Early December, we held our annual Prayer Partner Breakfast. It was such a special time to have our adults and youth partner together in prayer, not only on this day, but also throughout the year.  Over breakfast, we had a time of fellowship over breakfast and prayer for each other.

Confessions of a Veteran Prayer Partner

Confessions of a Veteran Prayer Partner

Most longstanding adult prayer partners have one thing in common. Mark DeVries approached them with “Hey, I have an interesting idea.” Trish Andrews is one of those veterans. “Mark assured me all he was asking was for me to commit to pray regularly for a youth in our church,” Trish said. “Since I believe wholeheartedly in the power of prayer and had young children at the time that would someday go through the youth program, I said, ‘Yes.'” Trish is now on her fourth prayer partner, which could translate to 24 years of prayer partnership. During that time, she has seen her children reap the benefits of having an adult prayer partner.

One thing that surprised Trish was that it didn’t matter how involved or not involved in church the youth is. If they are on the roster for FPC’s youth program, they get assigned a prayer partner. “My first prayer partner was Candace Clippard,” Trish recalled. “The first time I reached out to her to invite her to the Prayer Partner Breakfast, she informed me she doesn’t even go to our church.” Candace’s uncle, Trish recalled, was the pastor at her church, but she had friends in the FPC youth group and liked to attend. “I didn’t think Candace would come to the breakfast, but she did.” Candace is now an adult, active and involved with our church, and a key participant in Barefoot Republic. Trish admitted, “I didn’t do a lot outside of praying for her, which I still do, and attending the Prayer Partner Banquets, yet I have a special place in my heart for Candice, along with my other partners, due solely to the Prayer Partner Program.” It’s impossible not to care deeply for someone you have prayed for. Lives intersect within this program. For Trish, youth ministry comes full circle as Candace has been involved in the FPC Youth ministry and with her teenage daughter.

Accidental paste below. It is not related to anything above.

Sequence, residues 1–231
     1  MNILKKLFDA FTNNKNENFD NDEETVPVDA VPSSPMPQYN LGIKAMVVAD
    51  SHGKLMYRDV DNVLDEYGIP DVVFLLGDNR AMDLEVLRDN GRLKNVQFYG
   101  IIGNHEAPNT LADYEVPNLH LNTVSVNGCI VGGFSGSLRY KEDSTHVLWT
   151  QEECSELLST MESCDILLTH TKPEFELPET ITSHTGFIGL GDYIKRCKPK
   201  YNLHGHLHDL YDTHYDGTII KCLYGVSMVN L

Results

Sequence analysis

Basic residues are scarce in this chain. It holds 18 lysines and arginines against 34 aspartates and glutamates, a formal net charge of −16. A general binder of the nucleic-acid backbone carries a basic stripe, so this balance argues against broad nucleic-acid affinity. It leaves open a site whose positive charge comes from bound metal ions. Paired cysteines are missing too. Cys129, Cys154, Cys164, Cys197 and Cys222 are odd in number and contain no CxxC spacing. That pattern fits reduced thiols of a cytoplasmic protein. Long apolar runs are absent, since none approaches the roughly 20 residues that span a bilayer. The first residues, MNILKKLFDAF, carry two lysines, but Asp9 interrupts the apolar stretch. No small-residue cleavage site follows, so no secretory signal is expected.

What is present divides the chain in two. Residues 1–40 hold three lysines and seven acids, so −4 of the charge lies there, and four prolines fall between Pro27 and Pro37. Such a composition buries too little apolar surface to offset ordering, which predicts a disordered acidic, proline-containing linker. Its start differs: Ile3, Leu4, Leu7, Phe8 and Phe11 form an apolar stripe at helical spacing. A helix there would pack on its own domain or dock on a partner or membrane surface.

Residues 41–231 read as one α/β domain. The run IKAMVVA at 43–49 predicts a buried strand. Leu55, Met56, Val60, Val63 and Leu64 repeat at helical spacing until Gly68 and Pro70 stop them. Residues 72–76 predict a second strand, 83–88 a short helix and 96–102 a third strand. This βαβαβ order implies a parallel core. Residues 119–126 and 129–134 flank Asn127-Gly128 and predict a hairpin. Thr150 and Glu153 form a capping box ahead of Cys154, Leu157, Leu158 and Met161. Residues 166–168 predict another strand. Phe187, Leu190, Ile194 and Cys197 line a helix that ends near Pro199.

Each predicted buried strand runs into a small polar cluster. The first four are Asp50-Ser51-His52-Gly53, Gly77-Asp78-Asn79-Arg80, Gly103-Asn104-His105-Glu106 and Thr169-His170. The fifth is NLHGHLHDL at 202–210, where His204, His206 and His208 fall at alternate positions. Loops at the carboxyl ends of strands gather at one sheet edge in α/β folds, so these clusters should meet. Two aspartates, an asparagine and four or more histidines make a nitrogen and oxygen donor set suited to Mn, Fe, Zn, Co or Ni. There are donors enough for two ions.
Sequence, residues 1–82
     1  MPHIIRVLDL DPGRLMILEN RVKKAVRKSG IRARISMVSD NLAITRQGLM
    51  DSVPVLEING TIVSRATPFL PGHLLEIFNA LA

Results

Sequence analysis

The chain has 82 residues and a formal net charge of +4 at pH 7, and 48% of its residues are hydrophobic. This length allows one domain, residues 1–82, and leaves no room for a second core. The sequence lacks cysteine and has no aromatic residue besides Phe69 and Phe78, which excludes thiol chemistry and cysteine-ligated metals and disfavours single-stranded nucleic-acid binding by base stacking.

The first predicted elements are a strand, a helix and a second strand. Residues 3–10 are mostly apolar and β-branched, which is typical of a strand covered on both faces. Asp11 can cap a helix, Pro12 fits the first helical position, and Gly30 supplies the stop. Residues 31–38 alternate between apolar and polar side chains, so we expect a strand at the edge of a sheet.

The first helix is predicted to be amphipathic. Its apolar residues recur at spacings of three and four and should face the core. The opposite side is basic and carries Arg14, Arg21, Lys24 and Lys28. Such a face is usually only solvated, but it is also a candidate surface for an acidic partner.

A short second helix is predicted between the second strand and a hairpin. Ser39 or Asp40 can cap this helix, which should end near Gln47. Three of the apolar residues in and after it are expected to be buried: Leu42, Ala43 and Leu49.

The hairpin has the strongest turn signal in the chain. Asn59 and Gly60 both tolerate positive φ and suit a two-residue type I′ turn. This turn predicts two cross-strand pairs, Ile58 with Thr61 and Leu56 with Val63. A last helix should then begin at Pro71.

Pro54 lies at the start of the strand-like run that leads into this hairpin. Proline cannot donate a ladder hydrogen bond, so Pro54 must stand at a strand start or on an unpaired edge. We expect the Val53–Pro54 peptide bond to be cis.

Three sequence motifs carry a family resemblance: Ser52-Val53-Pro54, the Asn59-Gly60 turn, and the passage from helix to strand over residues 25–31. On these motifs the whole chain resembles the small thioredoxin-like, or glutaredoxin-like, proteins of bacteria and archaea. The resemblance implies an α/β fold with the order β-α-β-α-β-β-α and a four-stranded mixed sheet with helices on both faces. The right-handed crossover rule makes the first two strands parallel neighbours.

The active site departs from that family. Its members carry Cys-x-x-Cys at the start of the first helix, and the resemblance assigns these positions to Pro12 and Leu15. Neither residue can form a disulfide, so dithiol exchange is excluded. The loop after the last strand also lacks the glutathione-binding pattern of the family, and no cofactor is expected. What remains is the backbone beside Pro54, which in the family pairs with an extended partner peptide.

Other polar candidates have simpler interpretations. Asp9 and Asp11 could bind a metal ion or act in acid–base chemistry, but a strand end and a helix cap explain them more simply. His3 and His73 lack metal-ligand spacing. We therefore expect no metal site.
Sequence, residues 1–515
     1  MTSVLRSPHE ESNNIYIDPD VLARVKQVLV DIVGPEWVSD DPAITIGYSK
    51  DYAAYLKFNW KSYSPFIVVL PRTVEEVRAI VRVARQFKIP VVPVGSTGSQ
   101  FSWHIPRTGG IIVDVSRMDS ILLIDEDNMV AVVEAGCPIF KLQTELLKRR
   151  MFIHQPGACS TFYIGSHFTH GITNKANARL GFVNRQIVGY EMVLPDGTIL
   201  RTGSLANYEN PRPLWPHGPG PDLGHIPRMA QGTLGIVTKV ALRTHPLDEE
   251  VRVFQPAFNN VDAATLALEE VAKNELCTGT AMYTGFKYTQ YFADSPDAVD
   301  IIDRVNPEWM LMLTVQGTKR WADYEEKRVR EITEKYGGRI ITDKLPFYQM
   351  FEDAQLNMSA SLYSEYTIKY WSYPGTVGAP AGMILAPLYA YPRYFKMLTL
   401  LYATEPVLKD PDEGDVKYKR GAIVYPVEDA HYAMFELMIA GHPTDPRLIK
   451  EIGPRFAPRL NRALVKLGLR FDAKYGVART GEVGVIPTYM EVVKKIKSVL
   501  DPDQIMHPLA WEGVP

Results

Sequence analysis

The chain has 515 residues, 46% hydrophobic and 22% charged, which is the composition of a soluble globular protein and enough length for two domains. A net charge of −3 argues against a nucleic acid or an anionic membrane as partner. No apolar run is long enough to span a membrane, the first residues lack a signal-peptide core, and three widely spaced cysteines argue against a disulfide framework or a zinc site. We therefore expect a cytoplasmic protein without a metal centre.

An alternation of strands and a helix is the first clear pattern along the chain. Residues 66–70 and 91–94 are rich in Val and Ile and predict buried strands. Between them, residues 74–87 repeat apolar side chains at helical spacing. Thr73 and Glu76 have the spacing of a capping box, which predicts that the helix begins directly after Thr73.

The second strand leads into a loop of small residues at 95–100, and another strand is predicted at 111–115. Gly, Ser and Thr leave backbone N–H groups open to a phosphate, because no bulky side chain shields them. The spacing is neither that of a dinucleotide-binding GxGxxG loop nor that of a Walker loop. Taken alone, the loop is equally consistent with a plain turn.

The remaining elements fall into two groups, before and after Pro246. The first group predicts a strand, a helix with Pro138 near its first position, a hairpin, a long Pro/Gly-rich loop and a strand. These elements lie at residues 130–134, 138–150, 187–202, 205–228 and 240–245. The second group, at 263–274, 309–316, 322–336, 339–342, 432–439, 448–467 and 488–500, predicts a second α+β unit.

“I would say the most challenging thing about the Prayer Partner Program is knowing how to pray for a person you don’t know well,” admitted Trish. “Most teens, mine included, are not that good at opening up to adults, especially ones they don’t know, to share prayer requests.” However, in the absence of specific prayer requests, Trish says she always prays for their faith, the ability to discern God’s will about their God-given purpose in life, spouse, Godly friends, strength to resist peer pressure, and such. There are certain prayers that are universal, and praying them with a certain child in mind benefits both the prayed for and the pray-er. “My daughter was partnered with Drusie Bishop,” she said. “Drusie was wonderful and always greeted Joslyn by name at church, asked about her and let her know she was faithful in praying for her.” Drusie chose Easter as her special time to connect with Joslyn and always called around that time and dropped off an Easter basket for her. Nothing big, just a little something to signify the importance of Easter and an excuse to personally touch base on a yearly basis.

Trish says there is no right or wrong way to be a good prayer partner. The relationship is unique to each pair depending on your stage in life, if you are family friends or have never met, and your individual personality. The bottom line is just add that child/adult to your prayer life. You will be blessed, and they will too. “Anything else you do is just icing on the cake,” said Trish.

Merry Christmas and Happy New Year

Youth X-mas with red stripe for blog

 “The light shines in the darkness and the darkness has not over come it”- John 1:5